FIREBALL to light up the Australian sky on Sunday morning as Hayabusa2 returns to Earth

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A FIREBALL is set to light up the Australian sky on Sunday morning as a capsule containing the first asteroid samples returns to Earth – providing clues about the origins of our planet

  • Japanese capsule carrying first sub-surface samples returning to earth 
  • A fireball will light up the sky over the South Australian outback when it lands 
  • Will enter earth’s atmosphere at 4am Sunday 200km north of Woomera, in SA 
  • Scientists are hoping the samples will provide clues about origins of earth 

A fireball is set to light up the sky over the South Australian outback, signalling the return to earth of a Japanese capsule carrying the first sub-surface asteroid samples, which could provide clues to the origins of life on Earth.

The capsule has been travelling onboard the Hayabusa2 spacecraft which first landed on the Ryugu asteroid, more than 300 million kilometres from earth, in February last year.

Its release from the spacecraft is timed for late on Saturday but as it enters the earth’s atmosphere the fireball will streak across the sky around 4am on Sunday, about 200 kilometres north of Woomera, in SA’s north.

‘That’s going to be spectacular, so if you happen to live nearby you better wake up early and watch the sky,’ Professor Masaki Fujimoto, from the Japan Aerospace Exploration Agency said.

This computer graphics image released by the Japan Aerospace Exploration Agency (JAXA) shows the Hayabusa2 spacecraft above the asteroid Ryugu

Royal Australian Air Force (RAAF) members are seen during a media tour of the new Range Operations Centre at Woomera Test Range ahead of the Hayabusa2 Return Mission in Woomera, South Australia on Saturday

Royal Australian Air Force (RAAF) members are seen during a media tour of the new Range Operations Centre at Woomera Test Range ahead of the Hayabusa2 Return Mission in Woomera, South Australia on Saturday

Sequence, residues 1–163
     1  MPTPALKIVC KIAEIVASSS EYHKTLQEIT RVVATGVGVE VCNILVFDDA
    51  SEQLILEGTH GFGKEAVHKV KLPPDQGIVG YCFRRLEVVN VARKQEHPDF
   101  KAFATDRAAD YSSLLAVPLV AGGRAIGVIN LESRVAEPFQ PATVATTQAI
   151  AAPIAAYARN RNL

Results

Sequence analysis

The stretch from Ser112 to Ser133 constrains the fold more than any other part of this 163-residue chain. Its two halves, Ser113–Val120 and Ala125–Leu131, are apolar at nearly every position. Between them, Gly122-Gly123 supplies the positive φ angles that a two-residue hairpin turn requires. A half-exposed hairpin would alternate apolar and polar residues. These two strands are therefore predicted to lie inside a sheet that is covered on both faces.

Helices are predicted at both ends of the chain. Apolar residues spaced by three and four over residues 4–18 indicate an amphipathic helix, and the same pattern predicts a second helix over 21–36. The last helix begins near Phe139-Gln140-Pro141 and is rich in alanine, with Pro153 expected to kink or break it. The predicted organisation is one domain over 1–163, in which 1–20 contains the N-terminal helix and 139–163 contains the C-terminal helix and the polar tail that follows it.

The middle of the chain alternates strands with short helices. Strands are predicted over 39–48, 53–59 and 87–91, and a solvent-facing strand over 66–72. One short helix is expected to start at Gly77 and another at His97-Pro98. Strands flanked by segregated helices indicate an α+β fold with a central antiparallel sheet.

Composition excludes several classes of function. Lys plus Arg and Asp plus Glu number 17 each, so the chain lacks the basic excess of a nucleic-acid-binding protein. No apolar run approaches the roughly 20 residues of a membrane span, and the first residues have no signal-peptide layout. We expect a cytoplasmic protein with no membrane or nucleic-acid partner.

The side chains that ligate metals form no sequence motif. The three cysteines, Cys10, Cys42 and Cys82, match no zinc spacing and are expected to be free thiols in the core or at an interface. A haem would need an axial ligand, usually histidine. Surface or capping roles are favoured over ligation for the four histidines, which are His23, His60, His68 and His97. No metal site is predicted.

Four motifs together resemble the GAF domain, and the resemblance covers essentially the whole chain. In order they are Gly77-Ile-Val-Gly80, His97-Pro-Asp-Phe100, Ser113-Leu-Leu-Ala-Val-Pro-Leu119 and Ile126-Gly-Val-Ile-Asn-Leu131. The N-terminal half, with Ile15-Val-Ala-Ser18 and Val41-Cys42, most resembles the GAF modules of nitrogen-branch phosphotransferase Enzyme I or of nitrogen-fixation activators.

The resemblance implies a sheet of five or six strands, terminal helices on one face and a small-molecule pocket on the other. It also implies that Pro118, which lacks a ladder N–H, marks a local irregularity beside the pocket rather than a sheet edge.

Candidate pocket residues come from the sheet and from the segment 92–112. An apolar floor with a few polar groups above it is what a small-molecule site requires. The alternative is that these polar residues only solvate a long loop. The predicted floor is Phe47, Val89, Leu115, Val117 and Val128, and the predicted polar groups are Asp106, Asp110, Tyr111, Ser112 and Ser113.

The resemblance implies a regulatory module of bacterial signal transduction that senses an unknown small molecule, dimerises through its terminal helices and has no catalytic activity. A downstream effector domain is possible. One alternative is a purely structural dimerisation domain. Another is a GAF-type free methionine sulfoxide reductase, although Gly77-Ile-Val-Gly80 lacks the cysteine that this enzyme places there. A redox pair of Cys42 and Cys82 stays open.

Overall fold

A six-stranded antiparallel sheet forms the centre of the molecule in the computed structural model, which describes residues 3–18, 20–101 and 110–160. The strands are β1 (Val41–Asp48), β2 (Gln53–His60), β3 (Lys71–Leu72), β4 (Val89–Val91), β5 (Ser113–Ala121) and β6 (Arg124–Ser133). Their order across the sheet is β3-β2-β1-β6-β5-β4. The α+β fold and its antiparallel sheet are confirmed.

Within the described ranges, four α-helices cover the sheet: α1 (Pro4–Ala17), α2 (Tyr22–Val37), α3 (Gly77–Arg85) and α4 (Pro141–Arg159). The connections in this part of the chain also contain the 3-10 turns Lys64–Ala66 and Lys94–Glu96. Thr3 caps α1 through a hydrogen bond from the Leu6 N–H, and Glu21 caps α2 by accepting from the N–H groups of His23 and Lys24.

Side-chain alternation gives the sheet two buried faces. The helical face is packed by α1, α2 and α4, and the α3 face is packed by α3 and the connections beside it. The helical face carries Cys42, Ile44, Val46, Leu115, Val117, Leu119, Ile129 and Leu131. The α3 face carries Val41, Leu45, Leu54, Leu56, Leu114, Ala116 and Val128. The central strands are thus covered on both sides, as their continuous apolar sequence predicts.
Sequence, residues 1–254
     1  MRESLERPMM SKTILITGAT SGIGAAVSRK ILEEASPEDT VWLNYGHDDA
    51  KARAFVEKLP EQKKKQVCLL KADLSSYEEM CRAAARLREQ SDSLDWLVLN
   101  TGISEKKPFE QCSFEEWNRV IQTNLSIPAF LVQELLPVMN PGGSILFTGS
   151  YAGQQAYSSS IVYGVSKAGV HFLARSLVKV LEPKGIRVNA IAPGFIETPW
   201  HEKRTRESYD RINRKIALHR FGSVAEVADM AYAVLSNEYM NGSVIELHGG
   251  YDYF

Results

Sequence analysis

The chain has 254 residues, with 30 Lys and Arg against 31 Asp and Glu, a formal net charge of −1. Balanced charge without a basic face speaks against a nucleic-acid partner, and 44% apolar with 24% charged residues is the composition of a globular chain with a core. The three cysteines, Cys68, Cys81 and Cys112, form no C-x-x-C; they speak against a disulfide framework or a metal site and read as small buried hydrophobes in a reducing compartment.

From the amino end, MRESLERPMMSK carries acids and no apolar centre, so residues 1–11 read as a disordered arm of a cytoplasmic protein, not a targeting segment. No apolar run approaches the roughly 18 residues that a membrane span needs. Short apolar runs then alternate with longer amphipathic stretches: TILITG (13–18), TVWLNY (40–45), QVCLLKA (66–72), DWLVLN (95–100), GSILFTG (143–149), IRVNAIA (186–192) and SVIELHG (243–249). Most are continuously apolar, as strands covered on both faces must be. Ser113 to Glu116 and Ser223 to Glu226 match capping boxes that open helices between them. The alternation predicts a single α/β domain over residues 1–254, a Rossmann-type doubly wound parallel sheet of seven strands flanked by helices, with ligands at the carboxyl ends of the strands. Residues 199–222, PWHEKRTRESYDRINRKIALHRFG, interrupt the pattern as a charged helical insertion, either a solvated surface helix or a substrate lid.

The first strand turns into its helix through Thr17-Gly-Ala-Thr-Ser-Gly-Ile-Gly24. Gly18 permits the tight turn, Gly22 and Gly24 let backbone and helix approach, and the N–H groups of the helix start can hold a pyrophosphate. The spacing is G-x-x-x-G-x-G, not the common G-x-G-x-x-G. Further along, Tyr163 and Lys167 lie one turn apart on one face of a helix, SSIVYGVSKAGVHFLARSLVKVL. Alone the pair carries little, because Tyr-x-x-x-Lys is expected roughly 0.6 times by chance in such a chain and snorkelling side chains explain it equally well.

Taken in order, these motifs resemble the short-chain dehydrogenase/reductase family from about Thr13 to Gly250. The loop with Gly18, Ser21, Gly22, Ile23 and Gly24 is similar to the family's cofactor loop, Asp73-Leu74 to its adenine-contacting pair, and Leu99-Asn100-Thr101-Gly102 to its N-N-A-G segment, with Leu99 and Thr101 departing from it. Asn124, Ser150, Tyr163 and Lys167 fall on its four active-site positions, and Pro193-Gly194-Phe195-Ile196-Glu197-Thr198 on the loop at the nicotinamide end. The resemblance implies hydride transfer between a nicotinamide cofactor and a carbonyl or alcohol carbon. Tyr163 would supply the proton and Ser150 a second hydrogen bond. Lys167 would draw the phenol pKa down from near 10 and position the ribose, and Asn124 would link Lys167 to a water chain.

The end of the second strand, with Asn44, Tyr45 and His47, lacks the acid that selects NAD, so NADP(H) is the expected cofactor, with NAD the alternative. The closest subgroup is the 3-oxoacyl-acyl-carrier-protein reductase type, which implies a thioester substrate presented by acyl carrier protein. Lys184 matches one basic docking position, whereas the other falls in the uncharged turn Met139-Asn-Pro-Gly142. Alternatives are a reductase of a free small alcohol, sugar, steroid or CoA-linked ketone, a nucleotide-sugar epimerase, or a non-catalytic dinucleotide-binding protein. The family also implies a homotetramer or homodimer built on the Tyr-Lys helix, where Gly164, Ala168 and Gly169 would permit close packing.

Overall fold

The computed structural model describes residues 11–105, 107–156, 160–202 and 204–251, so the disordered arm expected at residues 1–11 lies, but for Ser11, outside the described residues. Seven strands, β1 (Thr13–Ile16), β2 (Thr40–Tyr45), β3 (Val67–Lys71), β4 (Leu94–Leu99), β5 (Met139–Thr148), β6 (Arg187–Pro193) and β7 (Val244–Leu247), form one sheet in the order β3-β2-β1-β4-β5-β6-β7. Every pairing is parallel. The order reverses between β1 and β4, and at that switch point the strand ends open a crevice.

The fireball will be brightest as the capsule reaches an altitude of about 40 of 50 kilometres but as it descends to about 10 kilometres a parachute will be deployed and a beacon signal will start, allowing a retrieval team to pinpoint its landing site in the Woomera protected area.

‘This is really the grand finale of a 10-year effort, if you count the development time and the six-year cruise of the spacecraft itself,’ Professor Fujimoto said.

Once retrieved, scientists say its potential significance should not be underestimated.

Asteroids are thought to have formed at the dawn of the solar system and Ryugu may contain organic matter that could have contributed to life on Earth.

Professor Fujimoto said when the Earth was first created it was dry and for life to begin water had to be brought to the planet.

‘Something like Ryugu brought water to earth and that’s why we are here,’ he said.

Australian National University space rock expert Trevor Ireland, who is in Woomera, said he expected the Ryugu samples to be similar to the meteorite that fell in Australia near Murchison, Victoria, more than 50 years ago.

‘The Murchison meteorite opened a window on the origin of organics on Earth because these rocks were found to contain simple amino acids as well as abundant water,’ Professor Ireland said.

‘We will examine whether Ryugu is a potential source of organic matter and water on Earth when the solar system was forming and whether these still remain intact on the asteroid.’

An artistic illustration the Hayabusa2 spacecraft's rendezvous with the asteroid Ryugu

An artistic illustration the Hayabusa2 spacecraft’s rendezvous with the asteroid Ryugu

After releasing its precious cargo, Hayabusa2 will begin a second, 10-year mission to rendezvous in July 2031 with a much smaller asteroid known as 1998 KY26.

Astronomer Brad Tucker said advancing technology had allowed space missions to regularly land on objects in space and return back to Earth.

Just this week China successfully landed a spacecraft on the moon’s surface with its Chang’e-5 probe to collect two kilograms of lunar material to help scientists learn more about the moon’s origins.

The mission visited a previously unexplored area known as Oceanus Procellarum or ‘Ocean of Storms’.

Dr Tucker said such missions were allowing scientists to ‘get our hands dirty and learn a lot about the solar system and our own planet’.

‘Future space travel and exploration missions are going to need to be able to extract resources in space,’ he said.

‘Missions like Hayabusa2 are laying the groundwork for this endeavour.’



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